Don’t let it come to this

In 1981 Shirley Lute was convicted of murder and sentenced to life without parole for 50 years.

In 1986 Lynda Branch was convicted of murder and sentenced to life without parole for 50 years.

Both were domestic cases.

In the Lute case, she is not accused of firing the shot that killed her husband. Her son pleaded guilty to that. However, her son also said that she had pushed him to kill her husband due to abuse they alleged that he committed. She has always denied any role in the murder.  Later the son said that his mother was not involved and had no part in the murder.

In the Branch case, she alleged that she and her husband struggled over a gun that he had pointed at her on a night that he had been drinking, that he had threatened her and her daughter and that the gun had fired and he had been hit. She was the first one in the state to use the battered women’s defense.

Both women claimed abuse at the hands of their husbands. Both went to trial and both were convicted. Both have been in prison more than 20 years. Shirley Lute is now 76 years old, Lynda Branch is now 54 years old.

In 2004 the state governor ordered their sentences commuted making them eligible for parole. However, both their parole bids were denied. Both women sued.

Earlier this month the state Supreme Court ordered the parole board to set release requirements for Lute and to make a decision about Branch.

The parole board has now made a decision to release both women on parole and the release is due within the week.

Lynda Branch spoke with the media about her release and one thing she said really stuck out for me

*“People don’t realize how important their freedom is until they lose it. And mine means everything to me,”

In another interview she said

**”I was so devastated that I was almost praying that I would die. It was like.. you know.. anything would have been better than living through this, but I can’t leave,”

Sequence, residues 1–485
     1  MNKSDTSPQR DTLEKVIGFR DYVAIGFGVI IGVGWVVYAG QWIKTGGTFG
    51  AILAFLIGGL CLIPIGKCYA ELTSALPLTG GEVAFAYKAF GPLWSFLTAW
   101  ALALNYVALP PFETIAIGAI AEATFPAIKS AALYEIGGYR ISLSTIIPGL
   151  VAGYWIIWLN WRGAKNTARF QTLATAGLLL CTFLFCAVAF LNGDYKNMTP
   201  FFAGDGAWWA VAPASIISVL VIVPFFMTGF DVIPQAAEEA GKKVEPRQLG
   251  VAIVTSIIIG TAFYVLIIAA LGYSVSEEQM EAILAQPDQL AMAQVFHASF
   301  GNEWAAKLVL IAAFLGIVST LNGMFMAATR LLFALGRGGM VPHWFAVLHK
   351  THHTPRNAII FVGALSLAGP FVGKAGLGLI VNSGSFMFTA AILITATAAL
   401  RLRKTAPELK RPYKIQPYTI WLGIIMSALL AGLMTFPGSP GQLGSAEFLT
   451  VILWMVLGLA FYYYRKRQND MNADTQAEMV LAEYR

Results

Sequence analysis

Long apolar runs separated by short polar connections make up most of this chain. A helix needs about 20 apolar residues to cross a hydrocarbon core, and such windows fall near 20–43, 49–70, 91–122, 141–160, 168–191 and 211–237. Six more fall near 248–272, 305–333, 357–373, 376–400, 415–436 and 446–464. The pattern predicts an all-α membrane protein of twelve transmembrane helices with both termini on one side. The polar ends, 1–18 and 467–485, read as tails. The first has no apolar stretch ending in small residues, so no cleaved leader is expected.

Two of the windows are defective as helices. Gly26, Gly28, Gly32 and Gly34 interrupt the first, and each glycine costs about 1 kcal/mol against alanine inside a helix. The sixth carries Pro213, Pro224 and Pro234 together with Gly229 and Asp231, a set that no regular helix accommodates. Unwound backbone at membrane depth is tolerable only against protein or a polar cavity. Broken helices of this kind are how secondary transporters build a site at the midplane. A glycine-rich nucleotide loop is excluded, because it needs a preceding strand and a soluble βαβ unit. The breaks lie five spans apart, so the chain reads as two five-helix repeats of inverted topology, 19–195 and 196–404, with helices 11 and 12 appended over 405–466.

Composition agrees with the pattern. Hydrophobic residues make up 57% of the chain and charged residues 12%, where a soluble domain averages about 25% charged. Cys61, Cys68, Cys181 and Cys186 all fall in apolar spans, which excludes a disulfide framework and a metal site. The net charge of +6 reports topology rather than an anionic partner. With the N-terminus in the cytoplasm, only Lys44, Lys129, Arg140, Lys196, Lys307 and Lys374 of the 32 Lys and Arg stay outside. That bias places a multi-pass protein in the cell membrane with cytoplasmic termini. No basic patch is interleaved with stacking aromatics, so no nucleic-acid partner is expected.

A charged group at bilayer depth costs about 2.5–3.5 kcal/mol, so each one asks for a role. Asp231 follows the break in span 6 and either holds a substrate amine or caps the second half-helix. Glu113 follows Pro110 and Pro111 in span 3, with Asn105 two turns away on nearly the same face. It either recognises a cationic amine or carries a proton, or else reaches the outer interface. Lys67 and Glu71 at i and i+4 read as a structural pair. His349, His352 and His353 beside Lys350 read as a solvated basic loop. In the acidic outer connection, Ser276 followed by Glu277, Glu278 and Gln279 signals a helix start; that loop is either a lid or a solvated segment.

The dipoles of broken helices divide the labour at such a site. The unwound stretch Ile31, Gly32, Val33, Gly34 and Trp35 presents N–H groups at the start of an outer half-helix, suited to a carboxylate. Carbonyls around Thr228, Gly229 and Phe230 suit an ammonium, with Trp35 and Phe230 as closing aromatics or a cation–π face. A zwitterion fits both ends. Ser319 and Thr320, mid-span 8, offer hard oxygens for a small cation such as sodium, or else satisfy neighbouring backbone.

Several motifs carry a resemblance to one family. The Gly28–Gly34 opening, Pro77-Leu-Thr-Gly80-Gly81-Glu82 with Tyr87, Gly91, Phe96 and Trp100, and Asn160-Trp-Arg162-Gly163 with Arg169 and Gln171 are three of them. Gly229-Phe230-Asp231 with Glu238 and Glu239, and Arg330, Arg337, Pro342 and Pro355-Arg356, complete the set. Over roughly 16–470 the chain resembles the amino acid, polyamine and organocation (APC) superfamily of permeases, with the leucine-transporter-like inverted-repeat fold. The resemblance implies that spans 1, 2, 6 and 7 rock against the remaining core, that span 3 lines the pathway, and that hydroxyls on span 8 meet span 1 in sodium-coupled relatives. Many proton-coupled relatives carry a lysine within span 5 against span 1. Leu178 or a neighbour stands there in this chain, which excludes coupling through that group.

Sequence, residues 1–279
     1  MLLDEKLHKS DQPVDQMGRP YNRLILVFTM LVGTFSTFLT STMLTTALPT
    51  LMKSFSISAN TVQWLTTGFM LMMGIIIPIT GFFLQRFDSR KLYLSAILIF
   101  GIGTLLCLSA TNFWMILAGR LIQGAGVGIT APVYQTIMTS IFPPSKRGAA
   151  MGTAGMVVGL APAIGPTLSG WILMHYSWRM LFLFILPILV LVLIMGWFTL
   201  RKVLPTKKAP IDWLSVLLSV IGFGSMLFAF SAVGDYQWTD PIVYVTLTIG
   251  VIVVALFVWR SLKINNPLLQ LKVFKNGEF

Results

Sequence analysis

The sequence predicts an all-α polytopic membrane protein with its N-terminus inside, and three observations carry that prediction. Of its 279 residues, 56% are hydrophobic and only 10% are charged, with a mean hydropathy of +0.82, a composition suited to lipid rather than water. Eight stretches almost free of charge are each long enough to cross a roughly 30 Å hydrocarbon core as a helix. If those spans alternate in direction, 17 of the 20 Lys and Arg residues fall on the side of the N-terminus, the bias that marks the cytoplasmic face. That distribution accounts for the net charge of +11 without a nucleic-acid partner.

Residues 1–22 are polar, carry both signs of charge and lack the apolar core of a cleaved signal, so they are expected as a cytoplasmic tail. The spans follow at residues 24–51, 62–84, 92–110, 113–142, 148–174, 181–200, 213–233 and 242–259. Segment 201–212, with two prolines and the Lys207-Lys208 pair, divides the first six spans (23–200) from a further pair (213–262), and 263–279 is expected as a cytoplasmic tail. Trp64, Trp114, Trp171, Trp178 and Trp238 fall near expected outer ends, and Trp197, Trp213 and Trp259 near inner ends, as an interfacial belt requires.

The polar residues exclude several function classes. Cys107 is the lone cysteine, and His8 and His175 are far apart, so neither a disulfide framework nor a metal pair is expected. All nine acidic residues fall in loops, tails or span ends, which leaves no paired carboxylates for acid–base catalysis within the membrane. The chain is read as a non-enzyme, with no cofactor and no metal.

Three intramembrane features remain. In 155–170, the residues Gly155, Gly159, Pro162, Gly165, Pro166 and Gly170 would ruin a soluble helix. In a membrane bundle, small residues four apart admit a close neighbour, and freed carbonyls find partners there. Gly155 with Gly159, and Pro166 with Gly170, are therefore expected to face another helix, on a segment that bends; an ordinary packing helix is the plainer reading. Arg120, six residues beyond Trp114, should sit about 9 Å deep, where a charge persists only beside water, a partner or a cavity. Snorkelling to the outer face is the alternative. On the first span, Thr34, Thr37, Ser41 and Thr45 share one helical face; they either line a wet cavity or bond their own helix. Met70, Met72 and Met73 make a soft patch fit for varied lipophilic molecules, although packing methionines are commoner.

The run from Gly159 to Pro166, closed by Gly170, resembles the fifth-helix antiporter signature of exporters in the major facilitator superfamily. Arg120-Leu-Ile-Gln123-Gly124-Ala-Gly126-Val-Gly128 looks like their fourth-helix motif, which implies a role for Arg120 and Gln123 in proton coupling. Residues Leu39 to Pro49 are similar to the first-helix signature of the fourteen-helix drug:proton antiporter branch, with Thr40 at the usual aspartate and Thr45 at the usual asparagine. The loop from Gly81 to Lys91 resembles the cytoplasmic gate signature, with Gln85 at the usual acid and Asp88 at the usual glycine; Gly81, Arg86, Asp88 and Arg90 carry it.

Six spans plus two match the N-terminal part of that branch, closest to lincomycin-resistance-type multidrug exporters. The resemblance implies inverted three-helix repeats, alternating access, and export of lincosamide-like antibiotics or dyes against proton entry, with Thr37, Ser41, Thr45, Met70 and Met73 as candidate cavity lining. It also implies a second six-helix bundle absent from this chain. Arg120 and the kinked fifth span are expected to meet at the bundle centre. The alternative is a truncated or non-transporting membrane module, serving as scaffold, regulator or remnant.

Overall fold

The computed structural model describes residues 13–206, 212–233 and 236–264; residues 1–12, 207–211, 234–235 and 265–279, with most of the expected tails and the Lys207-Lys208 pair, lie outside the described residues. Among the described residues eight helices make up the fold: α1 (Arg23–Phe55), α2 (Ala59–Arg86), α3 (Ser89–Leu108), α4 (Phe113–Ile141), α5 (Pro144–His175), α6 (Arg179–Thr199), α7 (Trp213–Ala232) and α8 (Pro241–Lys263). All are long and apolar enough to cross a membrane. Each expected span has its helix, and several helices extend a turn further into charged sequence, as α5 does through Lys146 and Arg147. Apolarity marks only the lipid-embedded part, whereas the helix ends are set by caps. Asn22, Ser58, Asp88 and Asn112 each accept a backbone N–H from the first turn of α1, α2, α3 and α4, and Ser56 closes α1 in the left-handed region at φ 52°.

“I stayed for many reasons like a fear of failure. I’d already failed in one marriage.”

Though free of the prison, both women will be subject to parole restrictions.

Branch has said that after her release she wants to become a paralegal and to volunteer at a domestic violence women’s shelter. She also wants to talk to high school students about domestic violence.

kansascity.com                                             *digmo.com    

**komu.com                        thekansascitychannel.com

Being in an abusive relationship can feel like a prison. But there is a difference. You can choose to leave an abusive relationship and make a new life for yourself elsewhere. You cannot choose to leave a prison. You can choose to leave the control of a husband or boyfriend. You cannot choose to leave the control of the justice system.

Most victims will attempt to hide any abuse or will downplay it. Thus when it ends up in court it can be hard to document it. Even if that can be documented, it can be difficult to prove self defense. And it can be hard for a jury to dismiss the other choices available to battered women.

Before anyone is killed or maimed is the time to make choice to leave.

If you are in an abusive relationship, stop to think. You may have valid reasons for staying, but if you knew of someone else who was in your situation- let’s say your sibling, your best friend or your child- what would you advise them to do?

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2 Comments

  1. lisavc said,

    May 11, 2007 at 10:02 am

    I’m a fan of this blog but I’m shaking my head at these comments from you. There is much more help these days but back then it was a whole lot harder. You surely realise it is’nt just a matter of choosing to leave? what about being afraid for your life ’cause he sais he’ll kill you if you leave? and they do kill you, happens all the time.

  2. May 11, 2007 at 5:04 pm

    I am not attempting to judge what these women did. They did what they felt they had to do at the time. But both the women and their families paid a high price for it physically and emotionally.
    If a woman is in an abusive relationship and leaves they have a chance. More is known about DV now and there is more help available.to aid them in leaving. Their best chance at a safe and happy life is if they leave.
    But if they stay the time may come when they could be put into a position where they feel that the time has come when they must fight back in self defense. Self defense is very difficult to prove in DV. Any time they have defended their spouse by denying their abuse will be used against them in court. “Battered Woman Syndrome” is acceptable as a defense in court now, but many times juries have difficulty accepting it. So if it comes down to it, they stand a good chance of going to prison.
    While I would never tell anyone not to fight back if their lives depend on it, their chances are best if they leave before it comes to a final showdown.


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